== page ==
02:34 Followed by bending the part using a sheet metal folder.
02:37 In the case of the Honda City, the battery box will be secured with M6 hardware into existing rivnuts in the floor pan.
02:45 These were from a previous battery bracket that we've decided wasn't ideal and needed to be replaced.
02:51 The battery will also lay on its side to get the centre of gravity low.
02:56 Although this is possible for our dry cell AGM motorsport style battery, as well as also with lithium ion batteries, it's not something that can be done with a standard wet cell lead acid battery.
03:08 If you're designing for your own application, you'll of course need to tailor the design to suit your specific battery and mounting location.
03:17 Let's get started on the practical work by first taking down some measurements of where we plan to mount the battery box and the fixture points if they already exist.
03:25 Or where we plan on making them if they don't.
03:29 You might not have existing mounting points for your design and plan to make them to suit the final parts so this step might not be needed but it's still good to have a clear idea of where and how you might want to mount everything.
03:42 In the Honda City's case, the mounting points are laid out in a rectangular shape but one is slightly offset.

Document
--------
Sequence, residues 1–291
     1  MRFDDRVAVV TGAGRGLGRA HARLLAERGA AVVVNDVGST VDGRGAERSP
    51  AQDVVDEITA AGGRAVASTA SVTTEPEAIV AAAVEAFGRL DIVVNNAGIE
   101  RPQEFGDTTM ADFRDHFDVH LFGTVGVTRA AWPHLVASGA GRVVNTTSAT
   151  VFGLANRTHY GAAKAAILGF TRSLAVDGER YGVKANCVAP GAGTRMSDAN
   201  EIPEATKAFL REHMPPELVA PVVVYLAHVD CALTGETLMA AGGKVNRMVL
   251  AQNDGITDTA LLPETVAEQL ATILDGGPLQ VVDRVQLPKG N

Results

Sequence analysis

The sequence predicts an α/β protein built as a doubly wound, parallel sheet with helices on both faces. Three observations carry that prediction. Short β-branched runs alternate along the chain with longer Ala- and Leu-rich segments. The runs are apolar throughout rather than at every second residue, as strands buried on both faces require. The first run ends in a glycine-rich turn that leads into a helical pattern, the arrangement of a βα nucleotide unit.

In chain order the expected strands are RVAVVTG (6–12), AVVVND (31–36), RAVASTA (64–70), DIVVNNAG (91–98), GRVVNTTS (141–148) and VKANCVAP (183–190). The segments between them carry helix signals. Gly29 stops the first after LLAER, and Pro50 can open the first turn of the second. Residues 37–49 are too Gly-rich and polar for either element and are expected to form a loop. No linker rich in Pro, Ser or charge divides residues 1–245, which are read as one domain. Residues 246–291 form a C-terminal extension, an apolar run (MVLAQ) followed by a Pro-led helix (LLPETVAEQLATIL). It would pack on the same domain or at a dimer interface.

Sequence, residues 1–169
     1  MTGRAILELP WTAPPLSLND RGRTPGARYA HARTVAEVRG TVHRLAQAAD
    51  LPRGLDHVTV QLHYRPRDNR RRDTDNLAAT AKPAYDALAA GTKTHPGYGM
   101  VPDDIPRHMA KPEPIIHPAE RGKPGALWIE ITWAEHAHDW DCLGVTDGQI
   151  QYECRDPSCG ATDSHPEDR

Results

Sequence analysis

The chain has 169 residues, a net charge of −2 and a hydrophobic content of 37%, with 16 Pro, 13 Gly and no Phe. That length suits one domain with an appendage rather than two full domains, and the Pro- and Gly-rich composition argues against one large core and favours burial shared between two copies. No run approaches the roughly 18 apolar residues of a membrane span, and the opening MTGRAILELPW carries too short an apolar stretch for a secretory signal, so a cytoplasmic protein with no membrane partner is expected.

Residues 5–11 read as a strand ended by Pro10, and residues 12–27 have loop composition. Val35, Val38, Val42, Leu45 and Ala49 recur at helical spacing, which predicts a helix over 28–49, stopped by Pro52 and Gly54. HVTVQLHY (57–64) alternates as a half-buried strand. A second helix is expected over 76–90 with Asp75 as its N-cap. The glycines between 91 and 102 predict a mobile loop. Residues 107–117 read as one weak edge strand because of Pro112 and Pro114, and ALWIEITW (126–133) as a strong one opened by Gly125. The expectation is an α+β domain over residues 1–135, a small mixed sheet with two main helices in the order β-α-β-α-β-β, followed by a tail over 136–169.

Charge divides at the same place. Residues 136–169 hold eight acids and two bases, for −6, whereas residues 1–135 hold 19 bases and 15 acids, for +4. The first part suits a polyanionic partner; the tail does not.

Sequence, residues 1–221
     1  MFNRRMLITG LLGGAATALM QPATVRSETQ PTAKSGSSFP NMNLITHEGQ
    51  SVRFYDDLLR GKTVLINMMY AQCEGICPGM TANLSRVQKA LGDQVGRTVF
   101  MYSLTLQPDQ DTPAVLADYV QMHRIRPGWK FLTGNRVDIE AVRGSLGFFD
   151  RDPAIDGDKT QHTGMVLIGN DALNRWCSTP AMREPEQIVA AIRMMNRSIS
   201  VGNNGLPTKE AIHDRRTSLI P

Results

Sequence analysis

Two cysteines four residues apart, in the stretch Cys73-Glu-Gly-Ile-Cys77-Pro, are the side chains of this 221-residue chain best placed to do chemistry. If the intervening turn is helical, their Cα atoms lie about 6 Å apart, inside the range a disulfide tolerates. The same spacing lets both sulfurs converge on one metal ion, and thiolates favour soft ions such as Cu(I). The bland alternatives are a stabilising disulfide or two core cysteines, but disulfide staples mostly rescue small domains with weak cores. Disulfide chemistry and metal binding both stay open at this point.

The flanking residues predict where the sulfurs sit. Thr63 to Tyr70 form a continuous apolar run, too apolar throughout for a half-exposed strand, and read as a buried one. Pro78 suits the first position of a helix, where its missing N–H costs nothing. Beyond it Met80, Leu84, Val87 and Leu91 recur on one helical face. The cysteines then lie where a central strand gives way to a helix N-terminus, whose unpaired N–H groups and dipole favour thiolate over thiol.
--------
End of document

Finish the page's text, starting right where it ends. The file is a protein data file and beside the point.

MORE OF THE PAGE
03:49 The width is 227 mm between the centres and the height is 100 mm on the left and 86 mm on the right.
03:59 The other thing to note here is that the floor pan isn't flat between the riv nuts, even though the rivnuts are on the same plane.
04:07 This means that a flat sheet metal base won't work by itself so we'll need some 10 mm spacers underneath to clear the floor pan.
04:15 It's worth setting up these points in CAD so we can use them as references to design around.
04:21 This is as simple as creating a sketch on the top plane and then creating four circles, 6 mm in diameter and using our 227, 100 and 86 mm dimensions, along with some constraints to fully define our sketch.
04:37 It's also extremely helpful at this point to model the battery in our CAD software.
04:43 This doesn't need to be 100% accurate for every little detail but we want to get the key features that'll interface with our design represented.
04:52 Let's first create a new internal component for the battery and make sure it's activated before we start modelling.
04:59 For the Honda's battery, this starts with sketching a 179 mm x 76 mm centre point rectangle on the top plane, centred on the origin.
05:10 We'll use the fillet tool to give the corners a 3 mm radius.
05:16 We can then extrude this sketch by 150 mm to make the main case of the battery.
05:21 Modelling the top cover follows the same process.